It can be difficult to plan for your replacement and deal with your mortality, which is why many Maine business owners procrastinate putting a well-conceived succession plan in place. The reasons are understandable. However, there are many reasons why it’s best to make a proactive plan.
Here are five of the top reasons why business owners don’t have an exit strategy.
Reason Number 1: No Time
Business owners get caught up with the everyday tasks involved in running their companies. There are deadlines to meet and deals to be made. Succession planning can be done … later.
Why this thinking is wrong: When put off for too long, the outcome may be less beneficial to the owner and his family. If a rushed decision is made, the owner may get a low price or pay more in taxes than he or she would if adequate planning was done. And as we all know, “later” may never come, which would be the worst case scenario. An unexpected death or disability might result in succession occurring sooner than expected and without a solid plan, the future of the business can be placed in jeopardy.
Reason Number 2: Loss of Control
There are times when a business owner may not want to stop working for the companies they spent years building. Giving up control is difficult, and owners may worry they will be bored in retirement or their companies will no longer flourish if they are not in charge. So they hang on.
Why letting go is a better approach: A proactive approach brings more control over the end result. The most successful exit strategy takes months or even years to complete. With proper planning, you may be able to secure a position after the sale as a consultant. If you want to pass on the business to your children or grandchildren, you can be involved in training them to help them achieve success.
Reason Number 3: Ignoring Tax Issues because they are Complex
The most tax-efficient way to structure a succession transaction depends on the company, the parties involved, and when you sell (federal capital gains rates may increase in the future). There may be several ways to structure these transactions, but tax implications of a sale or transfer can be extremely complex.
Why it’s best to get professional tax advice: You have to make several decisions that will affect the tax bill, such as whether to sell assets or stock. Your company may wind up with unknown, costly liabilities if the transaction isn’t structured properly. Handling the sale in a tax-wise manner can save you a fortune in the long run, not only with income and capital gains taxes but also with estate and gift taxes. Consult with your tax adviser well in advance of the actual sale.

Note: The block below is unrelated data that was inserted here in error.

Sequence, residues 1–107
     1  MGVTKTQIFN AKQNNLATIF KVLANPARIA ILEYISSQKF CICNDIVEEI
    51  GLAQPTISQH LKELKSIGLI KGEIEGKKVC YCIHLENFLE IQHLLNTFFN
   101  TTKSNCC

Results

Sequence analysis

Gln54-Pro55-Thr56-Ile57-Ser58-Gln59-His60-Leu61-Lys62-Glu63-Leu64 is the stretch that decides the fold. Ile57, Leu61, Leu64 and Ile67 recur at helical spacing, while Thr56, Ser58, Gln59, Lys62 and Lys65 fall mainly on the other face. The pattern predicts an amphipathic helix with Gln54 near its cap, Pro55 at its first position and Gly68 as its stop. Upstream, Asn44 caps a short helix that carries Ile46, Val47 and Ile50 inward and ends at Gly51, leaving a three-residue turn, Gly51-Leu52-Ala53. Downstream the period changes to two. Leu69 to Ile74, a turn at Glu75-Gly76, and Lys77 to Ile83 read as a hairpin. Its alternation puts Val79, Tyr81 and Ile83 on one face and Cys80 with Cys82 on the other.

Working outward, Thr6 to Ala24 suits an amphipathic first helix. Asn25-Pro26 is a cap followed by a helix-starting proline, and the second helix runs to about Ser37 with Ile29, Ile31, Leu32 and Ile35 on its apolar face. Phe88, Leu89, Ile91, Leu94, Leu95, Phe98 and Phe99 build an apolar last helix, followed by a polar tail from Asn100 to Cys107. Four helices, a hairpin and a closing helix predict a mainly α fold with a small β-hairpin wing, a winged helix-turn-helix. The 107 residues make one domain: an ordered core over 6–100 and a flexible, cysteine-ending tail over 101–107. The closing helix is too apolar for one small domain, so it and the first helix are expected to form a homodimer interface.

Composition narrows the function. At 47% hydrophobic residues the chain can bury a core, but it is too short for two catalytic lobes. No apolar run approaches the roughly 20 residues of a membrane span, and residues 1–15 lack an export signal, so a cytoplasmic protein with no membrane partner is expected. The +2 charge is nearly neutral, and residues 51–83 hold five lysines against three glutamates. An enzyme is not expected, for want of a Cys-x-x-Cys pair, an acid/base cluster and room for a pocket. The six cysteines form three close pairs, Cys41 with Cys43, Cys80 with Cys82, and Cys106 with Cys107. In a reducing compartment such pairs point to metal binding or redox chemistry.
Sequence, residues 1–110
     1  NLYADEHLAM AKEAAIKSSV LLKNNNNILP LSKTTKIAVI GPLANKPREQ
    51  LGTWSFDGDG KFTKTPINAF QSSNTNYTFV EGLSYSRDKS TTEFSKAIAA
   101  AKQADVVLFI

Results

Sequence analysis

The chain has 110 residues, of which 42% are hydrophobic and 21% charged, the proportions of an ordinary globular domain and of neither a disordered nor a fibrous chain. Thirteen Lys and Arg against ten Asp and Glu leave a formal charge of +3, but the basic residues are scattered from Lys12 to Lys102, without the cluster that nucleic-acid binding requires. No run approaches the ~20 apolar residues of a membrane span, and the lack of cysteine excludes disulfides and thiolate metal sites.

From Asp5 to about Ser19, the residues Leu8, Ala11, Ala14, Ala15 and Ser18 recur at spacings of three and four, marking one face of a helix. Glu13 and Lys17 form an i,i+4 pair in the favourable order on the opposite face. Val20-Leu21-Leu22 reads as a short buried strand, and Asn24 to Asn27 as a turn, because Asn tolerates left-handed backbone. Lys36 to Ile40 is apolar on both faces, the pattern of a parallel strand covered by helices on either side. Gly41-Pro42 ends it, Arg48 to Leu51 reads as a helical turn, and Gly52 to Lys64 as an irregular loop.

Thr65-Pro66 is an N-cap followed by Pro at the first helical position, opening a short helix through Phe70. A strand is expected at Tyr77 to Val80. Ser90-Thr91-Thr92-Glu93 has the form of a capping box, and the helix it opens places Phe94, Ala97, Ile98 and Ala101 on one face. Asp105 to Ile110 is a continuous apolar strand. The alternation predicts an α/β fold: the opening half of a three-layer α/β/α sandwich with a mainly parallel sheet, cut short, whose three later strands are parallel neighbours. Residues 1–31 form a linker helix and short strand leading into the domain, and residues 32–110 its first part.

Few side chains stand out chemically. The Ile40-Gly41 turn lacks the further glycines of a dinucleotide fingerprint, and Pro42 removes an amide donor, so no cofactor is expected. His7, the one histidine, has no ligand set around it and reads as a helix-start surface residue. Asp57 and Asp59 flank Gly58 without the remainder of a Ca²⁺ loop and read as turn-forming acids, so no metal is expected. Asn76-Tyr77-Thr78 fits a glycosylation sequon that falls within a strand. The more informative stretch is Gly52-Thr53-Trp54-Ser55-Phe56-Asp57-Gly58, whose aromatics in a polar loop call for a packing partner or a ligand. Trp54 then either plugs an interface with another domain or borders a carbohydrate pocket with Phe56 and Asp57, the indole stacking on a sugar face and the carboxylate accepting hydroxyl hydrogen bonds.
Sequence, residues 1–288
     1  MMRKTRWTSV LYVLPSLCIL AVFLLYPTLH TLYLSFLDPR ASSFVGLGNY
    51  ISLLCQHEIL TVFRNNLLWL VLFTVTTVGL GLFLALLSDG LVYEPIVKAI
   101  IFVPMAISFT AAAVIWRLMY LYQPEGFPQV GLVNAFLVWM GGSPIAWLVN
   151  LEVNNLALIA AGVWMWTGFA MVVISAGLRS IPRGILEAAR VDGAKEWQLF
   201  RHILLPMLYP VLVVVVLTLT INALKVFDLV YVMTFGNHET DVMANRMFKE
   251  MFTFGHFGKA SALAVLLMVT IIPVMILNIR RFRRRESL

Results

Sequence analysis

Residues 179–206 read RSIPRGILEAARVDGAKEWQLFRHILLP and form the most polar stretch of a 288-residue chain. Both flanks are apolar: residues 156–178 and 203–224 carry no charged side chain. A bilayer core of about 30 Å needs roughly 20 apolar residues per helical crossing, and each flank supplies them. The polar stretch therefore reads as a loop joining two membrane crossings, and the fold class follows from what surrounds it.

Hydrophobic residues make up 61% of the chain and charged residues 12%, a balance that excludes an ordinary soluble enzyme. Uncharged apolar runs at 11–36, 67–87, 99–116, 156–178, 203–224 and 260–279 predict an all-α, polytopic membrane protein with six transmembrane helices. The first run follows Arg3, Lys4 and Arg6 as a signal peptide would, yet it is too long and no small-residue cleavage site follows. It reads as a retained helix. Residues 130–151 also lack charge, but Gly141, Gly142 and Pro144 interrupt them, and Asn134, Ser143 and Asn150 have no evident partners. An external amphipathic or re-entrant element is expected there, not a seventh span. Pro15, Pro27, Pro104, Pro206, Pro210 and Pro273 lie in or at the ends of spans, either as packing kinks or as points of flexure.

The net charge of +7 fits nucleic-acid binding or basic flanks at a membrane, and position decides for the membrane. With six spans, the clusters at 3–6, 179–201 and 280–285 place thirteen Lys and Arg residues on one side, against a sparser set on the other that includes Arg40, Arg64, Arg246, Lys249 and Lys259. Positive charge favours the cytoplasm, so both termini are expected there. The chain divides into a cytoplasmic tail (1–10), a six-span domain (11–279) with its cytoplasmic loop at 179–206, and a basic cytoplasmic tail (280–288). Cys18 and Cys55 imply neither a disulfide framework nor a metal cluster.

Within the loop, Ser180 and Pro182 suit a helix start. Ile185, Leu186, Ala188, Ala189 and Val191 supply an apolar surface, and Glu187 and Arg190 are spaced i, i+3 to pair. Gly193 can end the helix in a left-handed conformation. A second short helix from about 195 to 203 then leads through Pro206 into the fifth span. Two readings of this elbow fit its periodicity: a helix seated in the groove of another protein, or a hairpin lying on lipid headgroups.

Reason Number 4: Not Sure Who Is Going to Take Over
For many owners, there is not a clear-cut successor. Are there partners? Should you sell to employees via an Employee Stock Ownership Plan (ESOP)? Sell to a third party?
In the case of a family business, there are even more questions. What if some children are active in the company and others are not? Which child is going to run the company? Does the “heir to the throne” have the business skills to succeed? Will a formal succession plan cause family conflict?
Without all the answers, a business owner may do nothing.
Why this is a mistake: Without a solid plan and exploring the possibilities, you leave the outcome to chance. And the company you spent years building could cease to exist. There are many options for ownership transfer, such as selling outright, sell to your children, gift interests to family members at a low tax cost, and more.
Reason Number 5: Not Enough Retirement Savings
Many Maine business owners put off making adequate contributions to retirement plans while building their businesses. The result may be insufficient savings. Where is income going to come from during retirement, especially if the owner wants to pass the company onto family members? Often, there is a conflict between wanting comfortable golden years and wanting to transfer the company to heirs as part of an estate plan. So the owner just keeps working.
Why continuing to work without a succession plan is a mistake: By planning ahead, you can take care of your retirement and your heirs. With certain financial strategies, you may be able to retire comfortably and plan for the eventual sale or transfer of the company.
The final advice would be to start well in advance. These are just some of the reasons business owners procrastinate and why they need to have proactive exit strategies. Assemble an advisory team that includes your corporate attorney, accountant, estate adviser and other professionals.
And if transfer your business to your children, urge the next generation to start thinking about their succession plans as well!